Amiot et al conducted a single-center retrospective study to evaluate effectiveness of gastric MALToma treatment in 106 H pylori–negative patients. Outcomes of oral alkylating monotherapy, rituximab monotherapy, and combination therapy with both drugs were compared. At 2-year followup, both complete remission and overall response were significantly better in patients who received combination therapy (92% and 100% respectively) than in those treated with alkylating agents alone (66% and 68%) or rituximab alone (64% and 73%). However fewer adverse effects were reported with rituximab alone than with either regimen containing alkylating agents. [35]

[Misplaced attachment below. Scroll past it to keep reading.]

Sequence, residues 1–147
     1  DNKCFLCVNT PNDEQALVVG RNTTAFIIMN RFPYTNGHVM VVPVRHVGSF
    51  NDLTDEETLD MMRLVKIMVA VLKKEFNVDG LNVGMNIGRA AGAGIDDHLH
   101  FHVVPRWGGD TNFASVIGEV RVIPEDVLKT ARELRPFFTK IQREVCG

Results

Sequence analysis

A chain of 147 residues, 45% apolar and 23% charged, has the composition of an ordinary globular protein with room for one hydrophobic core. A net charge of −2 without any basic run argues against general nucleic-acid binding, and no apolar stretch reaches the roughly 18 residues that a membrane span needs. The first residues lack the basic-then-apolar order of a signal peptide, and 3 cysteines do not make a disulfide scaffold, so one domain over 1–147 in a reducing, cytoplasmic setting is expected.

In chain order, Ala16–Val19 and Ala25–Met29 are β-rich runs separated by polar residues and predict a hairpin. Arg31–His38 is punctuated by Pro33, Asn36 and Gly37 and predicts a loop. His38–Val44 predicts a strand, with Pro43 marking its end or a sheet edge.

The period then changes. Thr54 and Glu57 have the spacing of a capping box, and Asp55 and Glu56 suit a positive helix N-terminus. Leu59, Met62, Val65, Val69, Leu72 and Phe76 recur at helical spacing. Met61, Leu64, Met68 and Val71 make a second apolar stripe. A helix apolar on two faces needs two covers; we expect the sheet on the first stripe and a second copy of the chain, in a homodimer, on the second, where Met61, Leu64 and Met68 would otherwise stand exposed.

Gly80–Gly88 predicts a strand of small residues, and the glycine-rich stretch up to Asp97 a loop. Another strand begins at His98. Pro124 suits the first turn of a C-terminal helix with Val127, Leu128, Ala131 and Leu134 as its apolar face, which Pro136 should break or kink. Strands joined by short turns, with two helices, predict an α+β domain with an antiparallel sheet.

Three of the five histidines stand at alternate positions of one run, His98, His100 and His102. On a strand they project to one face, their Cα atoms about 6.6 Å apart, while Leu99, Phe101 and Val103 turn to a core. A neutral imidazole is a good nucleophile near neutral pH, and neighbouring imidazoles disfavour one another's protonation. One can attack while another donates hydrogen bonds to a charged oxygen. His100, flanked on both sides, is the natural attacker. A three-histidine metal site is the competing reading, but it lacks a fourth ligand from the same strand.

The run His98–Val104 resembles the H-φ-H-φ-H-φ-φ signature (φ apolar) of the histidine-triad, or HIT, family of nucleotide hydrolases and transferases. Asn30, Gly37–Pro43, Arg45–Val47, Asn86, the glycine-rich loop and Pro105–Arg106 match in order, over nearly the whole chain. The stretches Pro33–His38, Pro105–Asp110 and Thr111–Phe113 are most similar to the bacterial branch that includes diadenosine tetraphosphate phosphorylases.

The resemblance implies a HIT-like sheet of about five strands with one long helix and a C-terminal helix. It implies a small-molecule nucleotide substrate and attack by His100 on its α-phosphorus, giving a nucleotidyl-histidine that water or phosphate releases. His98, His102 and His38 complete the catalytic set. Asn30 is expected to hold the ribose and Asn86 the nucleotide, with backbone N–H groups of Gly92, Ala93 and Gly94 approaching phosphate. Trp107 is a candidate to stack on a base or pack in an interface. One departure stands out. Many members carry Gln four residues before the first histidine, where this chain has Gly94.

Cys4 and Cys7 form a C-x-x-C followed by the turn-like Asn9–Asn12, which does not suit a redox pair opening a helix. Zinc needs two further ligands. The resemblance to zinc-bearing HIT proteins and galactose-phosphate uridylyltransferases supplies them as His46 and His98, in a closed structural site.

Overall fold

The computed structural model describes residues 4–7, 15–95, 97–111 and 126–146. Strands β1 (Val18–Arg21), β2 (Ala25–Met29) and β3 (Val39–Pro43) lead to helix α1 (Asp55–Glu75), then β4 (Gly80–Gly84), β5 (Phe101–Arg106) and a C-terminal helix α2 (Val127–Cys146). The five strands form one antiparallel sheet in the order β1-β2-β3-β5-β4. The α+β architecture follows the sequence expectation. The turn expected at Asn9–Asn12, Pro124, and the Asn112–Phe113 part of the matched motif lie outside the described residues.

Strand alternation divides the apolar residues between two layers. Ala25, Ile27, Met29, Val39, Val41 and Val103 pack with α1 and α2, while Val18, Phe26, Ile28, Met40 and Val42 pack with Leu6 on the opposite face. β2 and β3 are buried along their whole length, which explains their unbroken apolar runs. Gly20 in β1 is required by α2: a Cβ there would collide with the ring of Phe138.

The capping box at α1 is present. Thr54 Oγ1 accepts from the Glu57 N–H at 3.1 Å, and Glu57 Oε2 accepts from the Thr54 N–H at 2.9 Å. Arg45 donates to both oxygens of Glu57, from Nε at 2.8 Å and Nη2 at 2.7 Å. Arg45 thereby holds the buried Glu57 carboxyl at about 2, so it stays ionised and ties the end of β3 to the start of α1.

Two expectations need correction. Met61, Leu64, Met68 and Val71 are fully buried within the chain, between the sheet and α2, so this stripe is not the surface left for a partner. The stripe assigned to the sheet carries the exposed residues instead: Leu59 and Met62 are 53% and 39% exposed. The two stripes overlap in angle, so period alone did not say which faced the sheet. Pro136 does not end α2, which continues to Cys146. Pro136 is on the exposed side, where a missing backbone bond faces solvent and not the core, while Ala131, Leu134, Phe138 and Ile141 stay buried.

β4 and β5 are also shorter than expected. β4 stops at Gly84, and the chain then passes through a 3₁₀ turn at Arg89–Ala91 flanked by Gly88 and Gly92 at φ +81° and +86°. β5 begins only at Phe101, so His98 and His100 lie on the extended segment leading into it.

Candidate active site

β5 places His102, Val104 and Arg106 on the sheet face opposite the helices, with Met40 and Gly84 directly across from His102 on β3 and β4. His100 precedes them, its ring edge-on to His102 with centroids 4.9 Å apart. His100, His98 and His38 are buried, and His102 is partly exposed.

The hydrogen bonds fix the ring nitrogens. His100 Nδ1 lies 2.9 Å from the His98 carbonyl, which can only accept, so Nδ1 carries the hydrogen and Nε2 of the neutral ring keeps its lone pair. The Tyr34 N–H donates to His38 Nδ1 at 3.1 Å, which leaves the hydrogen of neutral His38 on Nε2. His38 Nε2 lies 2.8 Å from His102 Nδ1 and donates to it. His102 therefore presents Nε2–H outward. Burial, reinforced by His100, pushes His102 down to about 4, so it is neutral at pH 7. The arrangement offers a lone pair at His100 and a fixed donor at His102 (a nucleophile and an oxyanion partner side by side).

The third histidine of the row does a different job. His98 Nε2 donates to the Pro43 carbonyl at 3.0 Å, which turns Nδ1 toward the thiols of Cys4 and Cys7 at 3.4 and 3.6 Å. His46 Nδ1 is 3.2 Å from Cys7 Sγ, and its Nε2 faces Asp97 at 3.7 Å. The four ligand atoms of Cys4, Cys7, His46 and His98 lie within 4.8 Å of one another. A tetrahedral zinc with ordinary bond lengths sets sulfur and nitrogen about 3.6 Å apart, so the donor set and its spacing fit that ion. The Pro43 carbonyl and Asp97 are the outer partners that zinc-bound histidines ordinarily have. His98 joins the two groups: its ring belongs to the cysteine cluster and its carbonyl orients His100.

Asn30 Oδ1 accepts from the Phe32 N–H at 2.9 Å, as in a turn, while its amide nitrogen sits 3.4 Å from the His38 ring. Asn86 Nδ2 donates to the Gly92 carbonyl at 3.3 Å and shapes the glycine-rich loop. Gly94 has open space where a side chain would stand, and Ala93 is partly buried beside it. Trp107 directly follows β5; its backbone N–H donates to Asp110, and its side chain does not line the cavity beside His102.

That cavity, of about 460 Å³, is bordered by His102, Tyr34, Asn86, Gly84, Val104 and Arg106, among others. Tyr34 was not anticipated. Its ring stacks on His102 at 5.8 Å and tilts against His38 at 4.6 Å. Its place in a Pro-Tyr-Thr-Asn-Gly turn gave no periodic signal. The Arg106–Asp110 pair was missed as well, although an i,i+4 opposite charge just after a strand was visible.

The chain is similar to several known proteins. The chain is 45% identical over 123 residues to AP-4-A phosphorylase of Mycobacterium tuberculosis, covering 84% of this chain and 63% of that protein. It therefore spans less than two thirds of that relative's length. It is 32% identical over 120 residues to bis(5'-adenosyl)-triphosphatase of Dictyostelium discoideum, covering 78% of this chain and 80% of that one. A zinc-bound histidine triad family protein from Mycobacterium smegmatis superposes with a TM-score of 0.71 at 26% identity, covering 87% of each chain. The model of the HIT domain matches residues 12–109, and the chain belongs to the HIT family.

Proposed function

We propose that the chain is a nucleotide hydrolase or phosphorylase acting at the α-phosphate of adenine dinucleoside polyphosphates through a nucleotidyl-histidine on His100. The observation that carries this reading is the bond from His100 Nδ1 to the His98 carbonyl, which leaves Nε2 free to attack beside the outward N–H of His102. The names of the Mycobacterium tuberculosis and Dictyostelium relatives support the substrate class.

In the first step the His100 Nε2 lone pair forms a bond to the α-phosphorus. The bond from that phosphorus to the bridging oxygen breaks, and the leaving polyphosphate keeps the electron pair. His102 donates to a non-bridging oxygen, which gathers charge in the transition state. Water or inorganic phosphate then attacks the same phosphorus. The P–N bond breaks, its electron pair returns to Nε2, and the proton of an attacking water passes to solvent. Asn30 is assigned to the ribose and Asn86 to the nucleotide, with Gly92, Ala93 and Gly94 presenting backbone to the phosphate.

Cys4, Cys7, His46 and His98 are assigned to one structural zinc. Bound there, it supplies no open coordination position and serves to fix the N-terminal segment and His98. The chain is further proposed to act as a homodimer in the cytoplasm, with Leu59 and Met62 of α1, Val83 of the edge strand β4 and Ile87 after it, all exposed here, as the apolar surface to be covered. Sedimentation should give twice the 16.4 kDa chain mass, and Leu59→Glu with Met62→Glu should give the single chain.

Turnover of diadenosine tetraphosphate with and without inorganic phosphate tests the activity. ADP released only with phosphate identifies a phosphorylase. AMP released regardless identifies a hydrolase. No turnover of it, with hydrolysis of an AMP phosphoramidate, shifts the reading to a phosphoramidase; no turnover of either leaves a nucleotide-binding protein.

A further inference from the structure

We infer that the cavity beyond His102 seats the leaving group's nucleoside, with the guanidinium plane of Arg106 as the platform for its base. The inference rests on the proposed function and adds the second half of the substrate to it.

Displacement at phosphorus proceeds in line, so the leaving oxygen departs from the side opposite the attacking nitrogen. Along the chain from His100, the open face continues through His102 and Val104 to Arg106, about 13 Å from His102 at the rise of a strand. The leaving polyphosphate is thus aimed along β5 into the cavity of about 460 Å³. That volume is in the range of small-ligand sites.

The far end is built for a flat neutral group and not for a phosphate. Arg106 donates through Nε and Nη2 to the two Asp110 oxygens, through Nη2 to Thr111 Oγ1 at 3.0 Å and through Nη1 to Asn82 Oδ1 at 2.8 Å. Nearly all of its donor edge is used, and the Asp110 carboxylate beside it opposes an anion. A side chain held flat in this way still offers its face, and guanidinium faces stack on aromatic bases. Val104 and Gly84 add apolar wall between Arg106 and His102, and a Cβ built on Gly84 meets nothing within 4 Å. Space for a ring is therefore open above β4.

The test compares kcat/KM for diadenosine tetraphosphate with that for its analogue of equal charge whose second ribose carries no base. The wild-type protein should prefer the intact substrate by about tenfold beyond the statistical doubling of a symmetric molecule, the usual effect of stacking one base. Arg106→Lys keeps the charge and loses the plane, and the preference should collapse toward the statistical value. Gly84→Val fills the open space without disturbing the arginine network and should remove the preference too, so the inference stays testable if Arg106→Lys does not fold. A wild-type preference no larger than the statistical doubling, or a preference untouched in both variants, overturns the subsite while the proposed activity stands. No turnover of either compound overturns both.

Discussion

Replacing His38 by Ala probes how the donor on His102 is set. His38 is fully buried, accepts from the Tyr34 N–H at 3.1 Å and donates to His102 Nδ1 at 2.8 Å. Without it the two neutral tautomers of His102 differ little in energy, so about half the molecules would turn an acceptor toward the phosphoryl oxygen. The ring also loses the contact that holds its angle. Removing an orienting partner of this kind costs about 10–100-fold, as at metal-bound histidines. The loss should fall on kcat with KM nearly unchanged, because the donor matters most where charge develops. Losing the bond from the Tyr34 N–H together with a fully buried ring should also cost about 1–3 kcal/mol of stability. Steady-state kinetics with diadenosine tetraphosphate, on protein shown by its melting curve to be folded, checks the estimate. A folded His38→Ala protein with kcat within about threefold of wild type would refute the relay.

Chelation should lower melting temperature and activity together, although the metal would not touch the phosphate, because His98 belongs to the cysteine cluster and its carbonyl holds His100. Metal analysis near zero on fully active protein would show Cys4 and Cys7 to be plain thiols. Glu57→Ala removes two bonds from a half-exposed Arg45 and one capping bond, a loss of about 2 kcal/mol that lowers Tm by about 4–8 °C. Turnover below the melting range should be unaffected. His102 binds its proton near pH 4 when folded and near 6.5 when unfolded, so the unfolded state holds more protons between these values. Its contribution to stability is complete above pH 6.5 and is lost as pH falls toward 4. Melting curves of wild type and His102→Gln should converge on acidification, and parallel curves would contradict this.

In a randomized controlled trial by Zucca et al, complete remission at 5-year followup was better in patients treated with chlorambucil plus rituximab than in those treated with chlorambucil alone (78% vs 65%, respectively) but overall response rates were similar (90% vs 87%). However, the differences in remission rates did not translate into improved survival; both groups had an overall survival rate of 89%. [36]

The large-cell, intermediate-grade forms of MALToma require standard chemotherapy similar to that used for other intermediate-grade NHLs (eg, diffuse large B-cell lymphoma).


Radiation Therapy

The efficacy of radiation therapy for gastric MALTomas has been demonstrated in several small trials. Patients with gastric MALToma who will receive the maximal benefit from radiation therapy are those whose disease is in a limited area that could be incorporated in a single radiation treatment field and in whom antibiotic treatment has failed. [37]